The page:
Today, two questions from Jeff Clark Trader subscribers new to option trading…

Jeff, I love the way your mind works and the simplicity of your presentation. However I need even more simplicity. I don’t even know how to place an option on my computer. I need to set side by side someone actually putting in an option trade.

Where should I look in my area for that kind of help?

– Ron

Mike’s note: Hi Ron, thanks for writing in – and for being a subscriber. I’ll answer your question on Jeff’s behalf.

(Before we get started, please note that what follows is NOT a trade recommendation. It’s just a demonstration of how to place an option trade.)

Placing an option trade is quite simple.

First look at the “options chain,” which you can find on the page for any individual security that has options available. On TD Ameritrade, for example, it looks like this.

Your brokerage account may look a bit different, but the phrase “options chain” is common across all of them. That’s where you can look at quotes for both call and put options.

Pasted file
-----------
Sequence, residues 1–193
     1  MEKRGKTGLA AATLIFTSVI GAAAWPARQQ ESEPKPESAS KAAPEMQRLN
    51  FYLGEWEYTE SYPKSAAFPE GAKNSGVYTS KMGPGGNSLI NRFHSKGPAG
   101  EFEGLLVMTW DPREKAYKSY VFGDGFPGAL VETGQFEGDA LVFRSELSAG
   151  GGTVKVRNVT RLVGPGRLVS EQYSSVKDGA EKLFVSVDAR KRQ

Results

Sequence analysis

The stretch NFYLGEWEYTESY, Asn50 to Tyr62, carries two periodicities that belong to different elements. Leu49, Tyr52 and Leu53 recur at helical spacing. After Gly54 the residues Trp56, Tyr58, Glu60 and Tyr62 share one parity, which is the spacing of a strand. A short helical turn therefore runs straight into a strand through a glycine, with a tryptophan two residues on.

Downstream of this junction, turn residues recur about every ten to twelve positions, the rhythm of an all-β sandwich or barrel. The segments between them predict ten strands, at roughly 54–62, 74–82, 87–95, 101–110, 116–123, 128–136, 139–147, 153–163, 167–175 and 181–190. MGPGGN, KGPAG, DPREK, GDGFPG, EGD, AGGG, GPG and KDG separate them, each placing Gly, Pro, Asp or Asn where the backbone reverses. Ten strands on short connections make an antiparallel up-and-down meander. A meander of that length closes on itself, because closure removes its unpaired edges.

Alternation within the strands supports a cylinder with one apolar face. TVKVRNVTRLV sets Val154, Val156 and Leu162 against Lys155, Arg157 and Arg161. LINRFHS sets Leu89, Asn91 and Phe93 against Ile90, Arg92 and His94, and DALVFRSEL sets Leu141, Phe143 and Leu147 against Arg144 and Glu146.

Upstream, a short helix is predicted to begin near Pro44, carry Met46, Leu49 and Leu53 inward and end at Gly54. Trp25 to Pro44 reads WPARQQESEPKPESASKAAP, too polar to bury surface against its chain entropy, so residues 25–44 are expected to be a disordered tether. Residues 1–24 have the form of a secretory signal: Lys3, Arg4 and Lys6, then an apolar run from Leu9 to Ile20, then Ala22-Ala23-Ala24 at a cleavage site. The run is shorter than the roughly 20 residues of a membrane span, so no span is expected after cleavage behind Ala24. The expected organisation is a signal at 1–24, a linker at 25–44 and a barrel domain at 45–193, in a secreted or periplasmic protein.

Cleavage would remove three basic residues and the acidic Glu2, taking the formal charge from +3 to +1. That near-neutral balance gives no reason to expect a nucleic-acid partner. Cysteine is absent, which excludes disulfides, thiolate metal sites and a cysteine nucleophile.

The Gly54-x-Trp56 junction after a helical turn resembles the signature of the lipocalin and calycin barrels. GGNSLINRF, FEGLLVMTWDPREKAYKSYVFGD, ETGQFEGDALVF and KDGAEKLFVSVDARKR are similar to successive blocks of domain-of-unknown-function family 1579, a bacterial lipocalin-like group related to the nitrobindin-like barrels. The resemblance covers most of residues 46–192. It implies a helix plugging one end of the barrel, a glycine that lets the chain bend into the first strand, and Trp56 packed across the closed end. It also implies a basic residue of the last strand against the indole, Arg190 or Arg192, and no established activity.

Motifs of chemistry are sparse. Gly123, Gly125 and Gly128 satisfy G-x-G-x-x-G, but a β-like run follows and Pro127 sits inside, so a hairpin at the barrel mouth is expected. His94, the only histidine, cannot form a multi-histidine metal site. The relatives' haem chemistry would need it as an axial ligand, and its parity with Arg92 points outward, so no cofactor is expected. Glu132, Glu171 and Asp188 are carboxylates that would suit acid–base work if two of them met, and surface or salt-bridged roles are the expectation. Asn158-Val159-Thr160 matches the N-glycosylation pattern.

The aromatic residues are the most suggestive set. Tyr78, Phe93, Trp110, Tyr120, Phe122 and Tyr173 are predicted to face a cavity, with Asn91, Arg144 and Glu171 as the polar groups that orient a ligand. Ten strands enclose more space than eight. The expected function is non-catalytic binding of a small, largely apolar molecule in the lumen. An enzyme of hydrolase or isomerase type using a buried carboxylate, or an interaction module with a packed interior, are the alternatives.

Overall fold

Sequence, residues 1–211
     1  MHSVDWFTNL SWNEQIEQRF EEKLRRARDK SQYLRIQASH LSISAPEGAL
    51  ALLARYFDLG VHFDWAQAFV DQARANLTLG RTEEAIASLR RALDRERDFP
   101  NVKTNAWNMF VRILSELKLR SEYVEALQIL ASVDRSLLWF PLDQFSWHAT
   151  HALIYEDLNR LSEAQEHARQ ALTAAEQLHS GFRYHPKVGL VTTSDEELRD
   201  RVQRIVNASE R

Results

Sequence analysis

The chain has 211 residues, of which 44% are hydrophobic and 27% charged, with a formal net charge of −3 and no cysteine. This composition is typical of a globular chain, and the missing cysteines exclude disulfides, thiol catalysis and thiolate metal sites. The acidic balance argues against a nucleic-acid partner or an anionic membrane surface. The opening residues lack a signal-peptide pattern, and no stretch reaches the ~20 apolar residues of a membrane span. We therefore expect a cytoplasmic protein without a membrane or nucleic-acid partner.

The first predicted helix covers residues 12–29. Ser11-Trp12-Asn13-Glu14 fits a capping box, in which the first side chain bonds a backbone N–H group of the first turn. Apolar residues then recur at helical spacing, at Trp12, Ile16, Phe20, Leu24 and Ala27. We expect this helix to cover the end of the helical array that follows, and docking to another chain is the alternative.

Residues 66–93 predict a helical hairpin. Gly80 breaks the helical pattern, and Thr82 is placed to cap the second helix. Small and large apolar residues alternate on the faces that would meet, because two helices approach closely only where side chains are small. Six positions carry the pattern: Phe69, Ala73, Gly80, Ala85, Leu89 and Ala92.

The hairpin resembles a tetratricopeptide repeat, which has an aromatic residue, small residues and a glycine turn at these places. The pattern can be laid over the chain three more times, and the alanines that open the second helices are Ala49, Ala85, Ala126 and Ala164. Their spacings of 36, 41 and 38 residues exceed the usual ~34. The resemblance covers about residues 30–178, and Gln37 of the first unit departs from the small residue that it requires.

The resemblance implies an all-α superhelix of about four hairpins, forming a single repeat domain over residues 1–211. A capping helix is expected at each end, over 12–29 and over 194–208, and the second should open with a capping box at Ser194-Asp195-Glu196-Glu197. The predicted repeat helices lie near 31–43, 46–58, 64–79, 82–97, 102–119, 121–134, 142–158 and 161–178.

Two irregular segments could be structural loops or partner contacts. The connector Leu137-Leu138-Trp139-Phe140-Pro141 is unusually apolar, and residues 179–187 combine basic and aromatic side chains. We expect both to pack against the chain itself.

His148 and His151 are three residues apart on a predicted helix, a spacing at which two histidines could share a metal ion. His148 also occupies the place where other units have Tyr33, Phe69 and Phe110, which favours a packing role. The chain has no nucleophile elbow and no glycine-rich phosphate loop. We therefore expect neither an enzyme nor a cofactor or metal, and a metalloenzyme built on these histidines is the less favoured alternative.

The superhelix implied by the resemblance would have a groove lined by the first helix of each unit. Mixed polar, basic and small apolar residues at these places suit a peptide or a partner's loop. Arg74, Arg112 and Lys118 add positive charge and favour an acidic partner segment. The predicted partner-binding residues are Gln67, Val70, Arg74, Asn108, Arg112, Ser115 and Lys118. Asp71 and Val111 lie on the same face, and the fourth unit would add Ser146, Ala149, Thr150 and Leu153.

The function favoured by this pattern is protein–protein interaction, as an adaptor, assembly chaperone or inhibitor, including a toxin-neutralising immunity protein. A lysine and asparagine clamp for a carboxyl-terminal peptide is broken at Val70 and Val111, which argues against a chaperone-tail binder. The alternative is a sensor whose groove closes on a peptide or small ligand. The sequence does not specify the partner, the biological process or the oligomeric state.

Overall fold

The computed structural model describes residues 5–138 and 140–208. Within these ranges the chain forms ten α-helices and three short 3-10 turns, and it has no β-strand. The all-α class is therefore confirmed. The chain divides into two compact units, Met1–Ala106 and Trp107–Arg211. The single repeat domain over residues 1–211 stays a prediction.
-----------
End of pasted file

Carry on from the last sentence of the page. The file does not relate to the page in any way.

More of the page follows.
As you’re searching for options, be sure to apply the below filters (highlighted) which will allow you to view all the options available to trade.

And finally, the order screen. Here’s where you can choose to go long (buy) or short (sell) an option. After clicking on an option strike and expiration date, you’ll see this screen. In TD Ameritrade, it pops up on the bottom.

Here you can decide your trade action, how many contracts to trade, the price you want to pay, and a few other factors.

After you enter all the information, your order is put on the market. There it’s either filled and the position appears in your account, or it’s rejected for a reason the brokerage will provide.

Now, one reader has a question about a specific factor when entering options orders…